A new Indiana report is revealing the details of an abortionist who stored thousands of unborn baby remains among his personal belongings, many “inside molding boxes and old Styrofoam coolers” and others “intermingled with bits of garbage and rodent droppings.”
But don’t expect to hear about it from the major media outlets.
On December 31, Indiana Attorney General Curtis Hill published a preliminary report on the investigation of abortionist Ulrich “George” Klopfer after his family and authorities found 2,246 “medically-preserved fetal remains and thousands of medical records” in his Illinois garage after his death in September. After searching further, authorities discovered more records – and an additional 165 unborn baby remains in the trunk of his car.
Online, national news outlets NBC and CBS made no mention of the new report in their search bars. ABC and the New York Times published an Associated Press story, but offered no original reporting.
The remains found appeared to be dated from 2000 to 2003, when Klopfer was practicing solely in Indiana. He performed tens of thousands of abortions in the state until his medical license, which he received in 1979, was permanently revoked in 2016 for “poor record keeping, failure to provide appropriate anesthesia to patients, and performing abortions on thirteen year old patients without proper reporting.”
Because of this, the unborn baby remains were transferred to Indiana. The report detailed the attorney general’s “initial findings and progress.”
“[F]ew matters are more important to me than preserving the dignity of human life,” Hill wrote in the report. With these remains, he intended “to provide for a dignified burial” as state law dictates so that they “may finally rest in peace.”
They certainly didn’t rest in peace in Klopfer’s storage.
Because of the “poor condition of the fetal remains and unreliable nature of the accompanying records,” the report read, “it is not possible to make an independent verification of the identities of the individual fetal remains.”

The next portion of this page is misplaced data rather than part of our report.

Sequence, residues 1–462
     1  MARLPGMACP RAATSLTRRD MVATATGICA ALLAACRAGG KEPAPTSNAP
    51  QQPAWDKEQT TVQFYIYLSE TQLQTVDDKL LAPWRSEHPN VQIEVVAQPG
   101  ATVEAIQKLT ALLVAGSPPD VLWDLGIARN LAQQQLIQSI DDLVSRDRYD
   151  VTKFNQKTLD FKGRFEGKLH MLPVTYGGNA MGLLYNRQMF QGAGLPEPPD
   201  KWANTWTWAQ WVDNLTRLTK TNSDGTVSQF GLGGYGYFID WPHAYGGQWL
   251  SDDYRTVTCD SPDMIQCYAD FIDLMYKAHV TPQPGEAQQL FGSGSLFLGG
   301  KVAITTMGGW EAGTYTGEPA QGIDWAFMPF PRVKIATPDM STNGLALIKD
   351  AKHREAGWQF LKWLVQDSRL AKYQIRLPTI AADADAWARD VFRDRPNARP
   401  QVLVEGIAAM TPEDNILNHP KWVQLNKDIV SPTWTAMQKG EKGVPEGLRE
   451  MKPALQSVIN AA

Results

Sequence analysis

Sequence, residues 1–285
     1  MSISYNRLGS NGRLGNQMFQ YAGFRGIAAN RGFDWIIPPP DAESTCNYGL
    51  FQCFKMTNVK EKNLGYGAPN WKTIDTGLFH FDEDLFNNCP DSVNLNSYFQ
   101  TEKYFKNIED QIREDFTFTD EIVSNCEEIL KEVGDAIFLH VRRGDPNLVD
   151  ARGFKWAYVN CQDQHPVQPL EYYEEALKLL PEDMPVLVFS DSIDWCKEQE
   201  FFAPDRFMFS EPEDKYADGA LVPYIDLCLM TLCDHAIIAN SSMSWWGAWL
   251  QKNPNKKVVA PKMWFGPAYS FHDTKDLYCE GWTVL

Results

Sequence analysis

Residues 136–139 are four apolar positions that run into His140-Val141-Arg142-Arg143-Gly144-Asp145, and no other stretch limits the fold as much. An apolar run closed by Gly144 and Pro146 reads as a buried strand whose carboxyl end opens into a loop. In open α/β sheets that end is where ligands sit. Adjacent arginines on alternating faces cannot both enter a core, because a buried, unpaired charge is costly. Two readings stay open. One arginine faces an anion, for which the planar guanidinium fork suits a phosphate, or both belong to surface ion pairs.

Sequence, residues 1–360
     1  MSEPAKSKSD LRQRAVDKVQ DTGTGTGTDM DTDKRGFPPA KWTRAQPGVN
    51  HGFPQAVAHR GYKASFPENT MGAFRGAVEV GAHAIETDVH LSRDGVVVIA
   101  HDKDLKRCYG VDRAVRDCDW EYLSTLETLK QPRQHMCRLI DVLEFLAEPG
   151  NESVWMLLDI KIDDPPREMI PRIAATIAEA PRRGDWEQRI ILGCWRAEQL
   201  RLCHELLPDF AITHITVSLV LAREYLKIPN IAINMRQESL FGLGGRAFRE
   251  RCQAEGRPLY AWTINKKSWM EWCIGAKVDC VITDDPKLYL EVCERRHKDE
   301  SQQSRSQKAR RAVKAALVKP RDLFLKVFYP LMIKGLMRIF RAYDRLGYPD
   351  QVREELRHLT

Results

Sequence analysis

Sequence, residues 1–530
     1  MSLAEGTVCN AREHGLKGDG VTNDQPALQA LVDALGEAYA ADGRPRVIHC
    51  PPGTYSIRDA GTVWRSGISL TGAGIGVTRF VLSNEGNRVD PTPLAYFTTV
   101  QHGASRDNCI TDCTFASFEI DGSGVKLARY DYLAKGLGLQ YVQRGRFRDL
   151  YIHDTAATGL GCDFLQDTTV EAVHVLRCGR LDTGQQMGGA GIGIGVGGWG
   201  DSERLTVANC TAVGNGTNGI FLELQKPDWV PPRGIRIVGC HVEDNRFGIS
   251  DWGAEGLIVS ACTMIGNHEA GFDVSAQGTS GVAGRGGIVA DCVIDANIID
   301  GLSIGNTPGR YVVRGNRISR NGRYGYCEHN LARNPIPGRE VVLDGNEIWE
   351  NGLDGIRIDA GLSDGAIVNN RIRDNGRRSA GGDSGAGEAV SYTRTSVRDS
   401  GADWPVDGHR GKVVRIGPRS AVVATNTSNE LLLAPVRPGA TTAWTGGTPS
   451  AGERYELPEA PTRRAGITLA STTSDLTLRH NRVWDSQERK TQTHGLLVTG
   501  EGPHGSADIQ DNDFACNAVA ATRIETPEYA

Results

That’s concerning to the mothers who want their unborn identified. At a September news conference filmed by WNDU, one woman recalled visiting Klopfer for an abortion.
“Even after much healing and attending a post-abortive retreat, hearing the news of over 2,000 baby remains on George Klopfer’s property stirred up so many emotions, not only for me but for many women reaching out to me,” she urged. “I feel like I have been violated all over again.”
She planned to take action.
“I’m currently speaking with attorneys in hopes to sue his estate to get DNA testing done to know if my daughter was one of the babies on his property,” she added.
Her baby might have been one of the 2,246 that Illinois authorities discovered “among boxes of personal items, rusting cars, multitudes of soda cans, and other random garbage stacked high to the ceiling.”
“The fetal remains were in various states of decay,” the report read, and “were mostly found inside molding boxes and old Styrofoam coolers containing large red medical waste bags.”
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Klopfer seemed to have tried to preserve them, however.